C 14 dating method
In the oceans, new seafloor, created at the globe-circling oceanic ridges, moves away, cools, and sinks back into the mantle in what are known as subduction zones (i.e., long, narrow belts at which one plate descends beneath another).
Where this occurs at the edge of a continent, as along the west coast of North and South America, large mountain chains develop with abundant volcanoes and their subvolcanic equivalents.
When these regions are later exposed in uptilted portions of ancient continents, a history of terrestrial rock-forming events can be deduced.
Episodes of global volcanic activity, rifting of continents, folding, and metamorphism are defined by absolute ages.
is the quantity of radioactive material at time zero, X is the amount remaining after time t, and k is the first order rate constant, which is a characteristic of the isotope undergoing decay.
Dating, in geology, determining a chronology or calendar of events in the history of Earth, using to a large degree the evidence of organic evolution in the sedimentary rocks accumulated through geologic time in marine and continental environments.
For example, the presence of recycled bricks at an archaeological site indicates the sequence in which the structures were built.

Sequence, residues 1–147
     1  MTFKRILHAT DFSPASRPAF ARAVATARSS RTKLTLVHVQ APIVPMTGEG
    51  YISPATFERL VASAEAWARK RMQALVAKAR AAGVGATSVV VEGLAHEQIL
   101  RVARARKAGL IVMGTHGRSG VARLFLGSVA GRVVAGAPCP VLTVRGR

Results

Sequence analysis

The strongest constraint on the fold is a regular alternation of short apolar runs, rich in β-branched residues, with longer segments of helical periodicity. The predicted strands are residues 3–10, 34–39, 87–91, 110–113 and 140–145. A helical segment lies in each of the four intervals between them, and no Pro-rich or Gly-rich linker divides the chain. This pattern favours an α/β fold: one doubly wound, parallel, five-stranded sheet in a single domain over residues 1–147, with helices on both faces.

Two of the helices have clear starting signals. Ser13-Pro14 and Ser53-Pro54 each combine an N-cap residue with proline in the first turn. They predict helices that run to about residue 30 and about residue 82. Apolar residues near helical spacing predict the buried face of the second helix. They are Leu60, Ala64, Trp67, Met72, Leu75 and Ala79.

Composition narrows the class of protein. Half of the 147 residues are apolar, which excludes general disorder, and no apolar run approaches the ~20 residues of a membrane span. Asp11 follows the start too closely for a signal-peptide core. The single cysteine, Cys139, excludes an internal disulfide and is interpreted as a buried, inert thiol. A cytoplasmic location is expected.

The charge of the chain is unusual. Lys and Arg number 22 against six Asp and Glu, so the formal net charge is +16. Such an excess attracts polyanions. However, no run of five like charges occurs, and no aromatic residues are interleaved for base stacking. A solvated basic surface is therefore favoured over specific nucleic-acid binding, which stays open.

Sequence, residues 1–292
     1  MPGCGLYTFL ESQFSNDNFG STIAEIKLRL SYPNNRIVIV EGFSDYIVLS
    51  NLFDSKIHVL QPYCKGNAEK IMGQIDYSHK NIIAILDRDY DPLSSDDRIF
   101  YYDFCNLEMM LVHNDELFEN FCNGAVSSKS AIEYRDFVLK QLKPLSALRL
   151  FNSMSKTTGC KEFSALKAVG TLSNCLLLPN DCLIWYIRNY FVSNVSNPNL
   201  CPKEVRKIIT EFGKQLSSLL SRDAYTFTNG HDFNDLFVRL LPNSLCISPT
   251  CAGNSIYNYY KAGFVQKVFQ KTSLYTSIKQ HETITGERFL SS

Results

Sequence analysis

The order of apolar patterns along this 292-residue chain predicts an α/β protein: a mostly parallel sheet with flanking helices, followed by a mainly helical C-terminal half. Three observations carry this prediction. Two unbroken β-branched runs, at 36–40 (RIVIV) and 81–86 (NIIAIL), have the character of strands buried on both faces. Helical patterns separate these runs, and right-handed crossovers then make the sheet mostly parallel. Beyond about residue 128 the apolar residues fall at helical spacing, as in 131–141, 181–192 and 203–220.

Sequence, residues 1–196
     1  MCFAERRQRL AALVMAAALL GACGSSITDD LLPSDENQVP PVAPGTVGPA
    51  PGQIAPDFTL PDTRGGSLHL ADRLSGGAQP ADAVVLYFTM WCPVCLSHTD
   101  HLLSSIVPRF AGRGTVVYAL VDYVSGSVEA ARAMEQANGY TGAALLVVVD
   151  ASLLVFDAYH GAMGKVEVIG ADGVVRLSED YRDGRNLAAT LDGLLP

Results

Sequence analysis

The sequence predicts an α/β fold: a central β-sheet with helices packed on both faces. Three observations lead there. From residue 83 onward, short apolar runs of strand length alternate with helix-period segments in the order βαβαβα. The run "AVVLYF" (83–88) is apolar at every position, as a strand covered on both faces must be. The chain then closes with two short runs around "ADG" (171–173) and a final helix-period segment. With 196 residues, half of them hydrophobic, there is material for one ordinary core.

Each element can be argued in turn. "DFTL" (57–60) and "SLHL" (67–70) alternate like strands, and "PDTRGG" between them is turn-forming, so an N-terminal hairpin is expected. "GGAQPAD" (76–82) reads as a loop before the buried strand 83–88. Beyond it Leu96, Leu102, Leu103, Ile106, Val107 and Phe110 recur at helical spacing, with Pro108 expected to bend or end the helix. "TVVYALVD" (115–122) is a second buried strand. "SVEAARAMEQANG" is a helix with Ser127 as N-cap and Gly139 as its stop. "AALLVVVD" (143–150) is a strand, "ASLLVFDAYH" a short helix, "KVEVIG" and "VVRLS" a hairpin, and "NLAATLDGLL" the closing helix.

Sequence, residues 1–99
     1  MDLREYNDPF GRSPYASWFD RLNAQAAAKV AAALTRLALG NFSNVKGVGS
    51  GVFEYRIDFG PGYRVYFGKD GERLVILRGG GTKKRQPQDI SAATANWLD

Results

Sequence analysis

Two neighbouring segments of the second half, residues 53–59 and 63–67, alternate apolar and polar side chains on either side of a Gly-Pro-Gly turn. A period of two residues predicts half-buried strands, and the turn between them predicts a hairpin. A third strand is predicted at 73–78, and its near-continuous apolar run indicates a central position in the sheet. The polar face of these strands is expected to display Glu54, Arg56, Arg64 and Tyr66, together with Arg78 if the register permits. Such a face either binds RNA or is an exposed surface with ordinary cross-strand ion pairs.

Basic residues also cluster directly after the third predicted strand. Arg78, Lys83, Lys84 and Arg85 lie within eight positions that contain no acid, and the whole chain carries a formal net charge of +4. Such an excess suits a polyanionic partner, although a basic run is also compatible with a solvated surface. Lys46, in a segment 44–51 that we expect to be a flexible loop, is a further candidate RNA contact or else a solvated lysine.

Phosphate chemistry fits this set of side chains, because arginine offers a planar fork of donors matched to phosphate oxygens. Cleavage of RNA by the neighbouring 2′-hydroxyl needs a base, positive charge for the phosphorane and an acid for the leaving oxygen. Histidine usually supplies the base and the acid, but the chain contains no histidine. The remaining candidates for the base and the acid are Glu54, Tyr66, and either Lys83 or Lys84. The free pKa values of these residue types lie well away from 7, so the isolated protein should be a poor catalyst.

Just as the use of the fossil record has allowed a precise definition of geologic processes in approximately the past 600 million years, absolute ages allow correlations back to Earth’s oldest known rocks formed more than 4 billion years ago.Some method of correlating rock units must be found.In the ideal case, the geologist will discover a single rock unit with a unique collection of easily observed attributes called a marker horizon that can be found at widely spaced localities.The need to correlate over the rest of geologic time, to correlate nonfossiliferous units, and to calibrate the fossil time scale has led to the development of a specialized field that makes use of natural radioactive isotopes in order to calculate absolute isotopes has been improved to the point that for rocks 3 billion years old geologically meaningful errors of less than ±1 million years can be obtained.The same margin of error applies for younger fossiliferous rocks, making absolute dating comparable in precision to that attained using fossils.In fact, even in younger rocks, absolute dating is the only way that the fossil record can be calibrated.Without absolute ages, investigators could only determine which fossil organisms lived at the same time and the relative order of their appearance in the correlated sedimentary rock record.Although with clever detective work many complex time sequences or relative ages can be deduced, the ability to show that objects at two separated sites were formed at the same time requires additional information.A coin, vessel, or other common artifact could link two archaeological sites, but the possibility of recycling would have to be considered.In addition, because sediment deposition is not continuous and much rock material has been removed by erosion, the fossil record from many localities has to be integrated before a complete picture of the evolution of life on Earth can be assembled.Using this established record, geologists have been able to piece together events over the past 635 million years, or about one-eighth of Earth history, during which time useful fossils have been abundant.